The biggest misconception that brands have is that consumers don’t want to be advertised to during a crisis period. However, this isn’t the case; a global survey of more than 35,000 consumers during Covid-19, by Kantar, revealed that only 8% of respondents thought brands should stop advertising, while 75% agreed that brands should not exploit the situation.
Consumers absolutely want to hear from brands – but not if brands are tone deaf to the implications of the coronavirus pandemic or operating from a place of self-promotion and self-serving interests.
While one size doesn’t fit all, here are four ways that brands can conscientiously engage with customers during the coronavirus crisis:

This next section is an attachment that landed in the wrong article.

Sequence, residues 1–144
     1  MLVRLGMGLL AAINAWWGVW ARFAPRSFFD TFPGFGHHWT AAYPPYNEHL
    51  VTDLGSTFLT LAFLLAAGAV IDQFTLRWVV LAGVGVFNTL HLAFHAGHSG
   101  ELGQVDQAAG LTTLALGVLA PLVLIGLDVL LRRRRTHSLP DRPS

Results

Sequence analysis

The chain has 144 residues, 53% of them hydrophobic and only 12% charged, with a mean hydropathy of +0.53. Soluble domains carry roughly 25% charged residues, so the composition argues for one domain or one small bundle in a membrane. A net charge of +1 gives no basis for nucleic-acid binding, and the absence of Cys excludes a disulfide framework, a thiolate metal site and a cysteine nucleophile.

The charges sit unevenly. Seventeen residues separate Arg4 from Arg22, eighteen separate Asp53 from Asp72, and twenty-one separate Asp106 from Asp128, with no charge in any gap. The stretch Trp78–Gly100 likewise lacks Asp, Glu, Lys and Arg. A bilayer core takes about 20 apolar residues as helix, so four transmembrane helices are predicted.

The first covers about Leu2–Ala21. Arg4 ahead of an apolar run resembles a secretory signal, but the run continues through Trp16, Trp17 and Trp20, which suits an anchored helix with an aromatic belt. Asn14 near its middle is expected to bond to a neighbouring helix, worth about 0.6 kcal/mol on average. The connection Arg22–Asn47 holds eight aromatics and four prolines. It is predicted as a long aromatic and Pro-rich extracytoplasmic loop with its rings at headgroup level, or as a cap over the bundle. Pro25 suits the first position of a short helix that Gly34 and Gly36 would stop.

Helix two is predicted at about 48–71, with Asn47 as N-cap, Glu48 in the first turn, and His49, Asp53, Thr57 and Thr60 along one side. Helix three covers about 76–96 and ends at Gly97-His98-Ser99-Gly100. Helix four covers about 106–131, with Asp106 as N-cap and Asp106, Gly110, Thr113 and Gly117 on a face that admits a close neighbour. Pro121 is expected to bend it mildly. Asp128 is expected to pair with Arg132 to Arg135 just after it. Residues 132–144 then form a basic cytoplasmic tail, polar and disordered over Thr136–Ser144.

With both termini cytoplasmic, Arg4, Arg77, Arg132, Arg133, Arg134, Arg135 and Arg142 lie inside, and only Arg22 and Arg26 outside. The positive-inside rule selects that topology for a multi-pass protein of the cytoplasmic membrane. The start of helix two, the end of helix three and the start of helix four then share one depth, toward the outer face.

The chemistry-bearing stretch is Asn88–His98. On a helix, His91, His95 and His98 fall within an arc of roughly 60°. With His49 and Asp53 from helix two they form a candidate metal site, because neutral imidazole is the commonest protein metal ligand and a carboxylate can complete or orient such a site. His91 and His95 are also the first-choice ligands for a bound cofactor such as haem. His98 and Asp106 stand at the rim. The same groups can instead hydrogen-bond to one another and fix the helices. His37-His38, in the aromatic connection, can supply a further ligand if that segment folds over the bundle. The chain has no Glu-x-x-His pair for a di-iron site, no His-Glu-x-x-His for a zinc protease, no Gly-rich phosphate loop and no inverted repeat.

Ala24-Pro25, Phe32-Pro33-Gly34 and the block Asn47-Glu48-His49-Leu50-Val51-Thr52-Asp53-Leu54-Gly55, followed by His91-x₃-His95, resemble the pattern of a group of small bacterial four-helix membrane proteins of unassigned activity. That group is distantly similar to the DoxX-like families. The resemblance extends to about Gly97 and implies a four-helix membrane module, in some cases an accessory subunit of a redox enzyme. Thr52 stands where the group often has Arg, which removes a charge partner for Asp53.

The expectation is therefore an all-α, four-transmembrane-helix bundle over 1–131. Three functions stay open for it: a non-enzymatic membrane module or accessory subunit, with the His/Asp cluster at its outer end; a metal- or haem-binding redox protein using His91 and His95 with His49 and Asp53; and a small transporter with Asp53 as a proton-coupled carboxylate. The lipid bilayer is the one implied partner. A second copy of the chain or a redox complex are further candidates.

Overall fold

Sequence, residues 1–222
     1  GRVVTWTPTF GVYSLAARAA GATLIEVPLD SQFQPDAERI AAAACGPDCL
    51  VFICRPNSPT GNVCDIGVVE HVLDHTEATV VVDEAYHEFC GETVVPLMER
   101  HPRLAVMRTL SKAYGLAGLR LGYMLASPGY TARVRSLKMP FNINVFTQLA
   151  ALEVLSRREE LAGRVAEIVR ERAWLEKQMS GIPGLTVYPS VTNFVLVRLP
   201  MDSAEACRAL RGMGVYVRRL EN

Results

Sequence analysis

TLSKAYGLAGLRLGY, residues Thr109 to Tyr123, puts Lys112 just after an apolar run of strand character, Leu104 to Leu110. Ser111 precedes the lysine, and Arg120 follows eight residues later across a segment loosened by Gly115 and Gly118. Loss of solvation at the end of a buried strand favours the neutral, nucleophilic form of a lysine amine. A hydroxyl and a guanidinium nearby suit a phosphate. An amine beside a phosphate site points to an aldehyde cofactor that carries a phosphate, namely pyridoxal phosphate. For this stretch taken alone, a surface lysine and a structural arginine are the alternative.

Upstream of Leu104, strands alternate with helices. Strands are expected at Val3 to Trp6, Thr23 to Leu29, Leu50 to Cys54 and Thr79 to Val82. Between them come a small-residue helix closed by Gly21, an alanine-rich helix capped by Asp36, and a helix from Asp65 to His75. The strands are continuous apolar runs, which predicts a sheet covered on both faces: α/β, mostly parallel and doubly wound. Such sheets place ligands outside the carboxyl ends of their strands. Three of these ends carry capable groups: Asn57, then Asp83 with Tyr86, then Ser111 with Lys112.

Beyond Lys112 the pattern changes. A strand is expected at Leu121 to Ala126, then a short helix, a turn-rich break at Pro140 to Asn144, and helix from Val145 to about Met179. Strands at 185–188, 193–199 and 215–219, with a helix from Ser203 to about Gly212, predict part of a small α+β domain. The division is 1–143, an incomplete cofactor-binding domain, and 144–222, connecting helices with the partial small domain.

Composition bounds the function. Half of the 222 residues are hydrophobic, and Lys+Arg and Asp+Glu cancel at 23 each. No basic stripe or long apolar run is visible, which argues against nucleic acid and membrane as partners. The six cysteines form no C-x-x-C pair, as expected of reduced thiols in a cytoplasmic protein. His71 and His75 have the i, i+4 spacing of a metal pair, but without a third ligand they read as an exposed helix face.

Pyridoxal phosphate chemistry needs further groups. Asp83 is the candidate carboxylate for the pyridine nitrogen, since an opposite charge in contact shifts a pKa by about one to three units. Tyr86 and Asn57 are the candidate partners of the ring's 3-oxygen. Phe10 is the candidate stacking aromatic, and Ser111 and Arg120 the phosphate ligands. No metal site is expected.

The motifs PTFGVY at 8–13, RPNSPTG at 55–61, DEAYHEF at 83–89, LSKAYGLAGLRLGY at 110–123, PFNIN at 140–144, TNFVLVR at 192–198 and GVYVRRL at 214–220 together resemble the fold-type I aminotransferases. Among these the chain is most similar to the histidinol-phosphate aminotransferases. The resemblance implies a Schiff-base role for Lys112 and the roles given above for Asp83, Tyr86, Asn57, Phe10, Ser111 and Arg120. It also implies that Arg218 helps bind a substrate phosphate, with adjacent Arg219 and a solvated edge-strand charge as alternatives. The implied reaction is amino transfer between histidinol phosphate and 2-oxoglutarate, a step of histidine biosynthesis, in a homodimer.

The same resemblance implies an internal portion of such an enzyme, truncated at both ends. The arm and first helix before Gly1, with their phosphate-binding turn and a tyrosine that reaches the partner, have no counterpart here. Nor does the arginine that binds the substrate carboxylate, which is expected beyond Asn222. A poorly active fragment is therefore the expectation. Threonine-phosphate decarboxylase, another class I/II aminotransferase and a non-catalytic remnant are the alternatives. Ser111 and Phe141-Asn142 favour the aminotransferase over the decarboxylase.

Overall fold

Brands should focus on how they want to be remembered, once the coronavirus crisis is over. Fostering trust, relevance and authenticity are critical and a good way to do this is through socially conscious messaging, where brands share ways that people can ‘flatten the curve” or inspiring stories about how they’re contributing to mitigating the crisis.
Consumers want to know that a company’s brand values align with their own and that a brand will step up and stand with them in times of crisis. For example, McDonalds is running a campaign wherein they have separated their iconic golden arches to demonstrate their commitment to ‘social distancing’, while BMW is encouraging people to ‘drive forward without driving at all’.